Cameron Crowe’s Aloha further marks a trip down mediocrity lane for a filmmaker that has graced us with Say Anything, Jerry Maguire and Almost Famous. For me, his last worthy effort was 2001’s Vanilla Sky, which occasionally lacked focus but its merits outweighed its demerits. The same cannot be said for everything in Crowe’s oeuvre that’s followed – Elizabethtown, We Bought a Zoo and now this. Aloha is a strange mix of romance, comedy, drama, Hawaiian mysticism and corporate and military industrialism that never feels cohesive. The various aspects of the screenplay never quite gel. The casting decisions, packed with top notch talent, are a mixed bag. There are moments that remind us of Crowe’s greatness, but not many.
Bradley Cooper stars as Brian, a defense contractor who travels to Hawaii to assist a billionaire business mogul (a subdued Bill Murray) on a shady deal. Emma Stone is Allison Ng, the Air Force pilot whose task it is to assist him and, of course, fall for him. Rachel McAdams is Brian’s “one that got away”, an old flame now married to John Krasinki’s strong and very silent service officer. We jump back and forth wondering which woman Brian will try to end up with. Crowe’s screenplay keeps us busy with not only the romance angle but our central character’s occupational hazards with Murray and Alec Baldwin and Danny McBride’s military personnel roles. There’s a lot of plot happening here coupled with many stories of Hawaiin lore. Simply put, it never really comes together in satisfactory fashion.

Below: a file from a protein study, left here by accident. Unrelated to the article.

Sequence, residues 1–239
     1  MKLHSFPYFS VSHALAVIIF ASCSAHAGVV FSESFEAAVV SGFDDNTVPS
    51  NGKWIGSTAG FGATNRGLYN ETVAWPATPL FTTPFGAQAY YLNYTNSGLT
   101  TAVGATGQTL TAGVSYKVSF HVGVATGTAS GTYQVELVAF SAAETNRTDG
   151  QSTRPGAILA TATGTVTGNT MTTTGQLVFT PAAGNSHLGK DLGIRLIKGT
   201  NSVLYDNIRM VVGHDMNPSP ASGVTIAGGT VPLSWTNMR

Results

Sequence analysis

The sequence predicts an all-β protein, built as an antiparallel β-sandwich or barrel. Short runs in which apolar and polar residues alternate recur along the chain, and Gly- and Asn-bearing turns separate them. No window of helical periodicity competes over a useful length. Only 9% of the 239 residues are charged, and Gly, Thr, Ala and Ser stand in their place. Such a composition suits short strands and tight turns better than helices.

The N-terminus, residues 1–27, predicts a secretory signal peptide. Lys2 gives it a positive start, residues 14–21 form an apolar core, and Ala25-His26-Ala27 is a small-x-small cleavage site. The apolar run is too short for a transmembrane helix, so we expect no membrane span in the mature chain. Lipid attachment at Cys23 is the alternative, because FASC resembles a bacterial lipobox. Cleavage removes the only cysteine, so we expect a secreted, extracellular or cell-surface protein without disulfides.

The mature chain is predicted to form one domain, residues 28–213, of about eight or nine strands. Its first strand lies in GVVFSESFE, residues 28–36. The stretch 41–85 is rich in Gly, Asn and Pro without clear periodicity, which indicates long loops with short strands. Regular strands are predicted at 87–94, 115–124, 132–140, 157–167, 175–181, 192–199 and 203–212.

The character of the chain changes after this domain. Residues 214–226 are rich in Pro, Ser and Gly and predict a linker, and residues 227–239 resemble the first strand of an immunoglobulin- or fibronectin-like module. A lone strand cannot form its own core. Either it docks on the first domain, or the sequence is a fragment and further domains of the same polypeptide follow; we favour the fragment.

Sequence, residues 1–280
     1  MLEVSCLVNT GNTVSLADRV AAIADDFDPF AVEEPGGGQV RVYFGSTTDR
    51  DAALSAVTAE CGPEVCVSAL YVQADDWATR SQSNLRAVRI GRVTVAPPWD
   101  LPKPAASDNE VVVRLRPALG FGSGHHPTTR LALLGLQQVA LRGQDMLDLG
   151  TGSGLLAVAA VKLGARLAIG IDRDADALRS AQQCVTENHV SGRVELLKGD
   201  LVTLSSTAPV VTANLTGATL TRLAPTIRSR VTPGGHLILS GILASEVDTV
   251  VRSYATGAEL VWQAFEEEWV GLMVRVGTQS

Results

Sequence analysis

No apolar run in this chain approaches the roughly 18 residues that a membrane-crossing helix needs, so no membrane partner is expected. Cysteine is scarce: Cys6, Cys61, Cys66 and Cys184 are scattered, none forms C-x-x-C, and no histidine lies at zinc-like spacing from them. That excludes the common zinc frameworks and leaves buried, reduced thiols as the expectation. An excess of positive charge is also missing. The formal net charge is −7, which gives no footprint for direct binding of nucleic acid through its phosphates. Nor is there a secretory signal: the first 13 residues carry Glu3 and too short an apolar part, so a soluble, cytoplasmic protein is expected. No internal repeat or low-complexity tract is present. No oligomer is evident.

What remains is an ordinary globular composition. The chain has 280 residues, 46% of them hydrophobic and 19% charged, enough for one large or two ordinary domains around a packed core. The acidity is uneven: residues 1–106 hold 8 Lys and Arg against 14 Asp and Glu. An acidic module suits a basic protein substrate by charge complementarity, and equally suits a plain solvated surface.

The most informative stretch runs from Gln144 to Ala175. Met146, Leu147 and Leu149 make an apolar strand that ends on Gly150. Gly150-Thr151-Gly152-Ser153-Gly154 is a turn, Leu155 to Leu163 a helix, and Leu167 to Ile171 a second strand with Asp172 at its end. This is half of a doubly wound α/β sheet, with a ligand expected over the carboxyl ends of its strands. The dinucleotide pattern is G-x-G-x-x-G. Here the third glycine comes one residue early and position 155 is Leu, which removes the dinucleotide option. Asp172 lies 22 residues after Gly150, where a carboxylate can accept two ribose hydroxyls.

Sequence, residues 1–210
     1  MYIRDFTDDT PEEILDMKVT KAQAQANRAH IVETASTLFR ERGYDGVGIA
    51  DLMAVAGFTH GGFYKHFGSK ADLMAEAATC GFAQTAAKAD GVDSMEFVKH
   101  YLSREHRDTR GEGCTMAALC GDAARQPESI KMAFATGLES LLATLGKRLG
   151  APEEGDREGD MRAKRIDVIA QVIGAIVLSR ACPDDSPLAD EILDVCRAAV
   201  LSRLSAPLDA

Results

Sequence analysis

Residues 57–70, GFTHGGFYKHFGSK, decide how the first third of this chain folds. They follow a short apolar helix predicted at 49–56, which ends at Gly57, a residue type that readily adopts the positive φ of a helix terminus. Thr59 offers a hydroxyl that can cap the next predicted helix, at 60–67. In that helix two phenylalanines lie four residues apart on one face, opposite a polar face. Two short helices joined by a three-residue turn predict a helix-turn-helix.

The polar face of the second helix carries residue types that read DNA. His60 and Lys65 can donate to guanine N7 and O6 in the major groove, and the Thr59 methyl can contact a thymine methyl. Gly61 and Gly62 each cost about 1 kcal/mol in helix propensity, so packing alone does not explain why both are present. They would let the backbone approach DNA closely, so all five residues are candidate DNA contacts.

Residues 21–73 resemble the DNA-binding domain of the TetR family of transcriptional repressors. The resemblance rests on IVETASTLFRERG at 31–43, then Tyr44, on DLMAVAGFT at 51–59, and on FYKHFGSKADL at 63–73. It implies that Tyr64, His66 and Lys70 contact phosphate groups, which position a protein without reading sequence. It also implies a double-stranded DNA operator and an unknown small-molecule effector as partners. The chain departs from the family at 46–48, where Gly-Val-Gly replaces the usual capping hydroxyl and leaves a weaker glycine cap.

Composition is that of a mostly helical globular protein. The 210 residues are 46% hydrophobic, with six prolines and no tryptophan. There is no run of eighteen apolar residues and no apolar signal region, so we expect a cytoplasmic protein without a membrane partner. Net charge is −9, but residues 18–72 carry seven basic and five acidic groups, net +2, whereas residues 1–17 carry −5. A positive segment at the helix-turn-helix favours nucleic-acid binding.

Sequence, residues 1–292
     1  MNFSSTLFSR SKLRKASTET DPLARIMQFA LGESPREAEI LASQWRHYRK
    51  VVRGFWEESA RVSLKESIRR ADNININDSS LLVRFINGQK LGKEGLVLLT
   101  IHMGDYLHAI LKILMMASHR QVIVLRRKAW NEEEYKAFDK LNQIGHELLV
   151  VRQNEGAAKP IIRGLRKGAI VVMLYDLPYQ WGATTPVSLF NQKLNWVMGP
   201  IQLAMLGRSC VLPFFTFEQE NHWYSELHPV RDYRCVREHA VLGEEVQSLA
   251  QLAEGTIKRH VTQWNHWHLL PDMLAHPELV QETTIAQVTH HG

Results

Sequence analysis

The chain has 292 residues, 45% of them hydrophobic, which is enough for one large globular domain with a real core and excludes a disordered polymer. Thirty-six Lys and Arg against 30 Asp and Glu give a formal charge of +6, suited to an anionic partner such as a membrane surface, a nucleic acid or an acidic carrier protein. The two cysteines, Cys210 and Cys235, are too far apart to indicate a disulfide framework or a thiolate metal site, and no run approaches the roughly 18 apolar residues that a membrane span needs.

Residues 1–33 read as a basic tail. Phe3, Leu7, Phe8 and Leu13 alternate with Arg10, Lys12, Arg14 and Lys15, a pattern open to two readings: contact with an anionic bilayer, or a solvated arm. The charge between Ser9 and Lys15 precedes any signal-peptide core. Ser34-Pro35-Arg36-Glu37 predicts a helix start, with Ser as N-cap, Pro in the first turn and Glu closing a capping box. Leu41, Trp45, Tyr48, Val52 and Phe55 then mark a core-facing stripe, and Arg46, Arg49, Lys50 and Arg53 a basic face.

I appreciated Krasinski’s work and his non talking nature allows for some humorous moments. Yet there isn’t a performance here for any of the famous faces matching their best work. It’s when Crowe allows his performers to be quiet for a moment that shine, like Murray and Stone dancing to Hall and Oates in a nicely constructed sequence. As good as Stone can be and usually is, she’s miscast here and her part is not written well (her explained Chinese and Hawaiian heritage feels a bit stretched).
We get the family drama involved with Brian and the McAdams clan that we see from a mile away mixed with his involvement with Ng and then back to Murray’s increasingly nefarious corporate magnet. It switches so much that it never allows us to care much about any of it. Cameron Crowe’s lesser work still provides glimpses of his unique voice in cinema. Over the last decade, those moments are becoming more and more sparse and there’s not enough gorgeous scenery of our 49th state to make up for it.
** (out of four)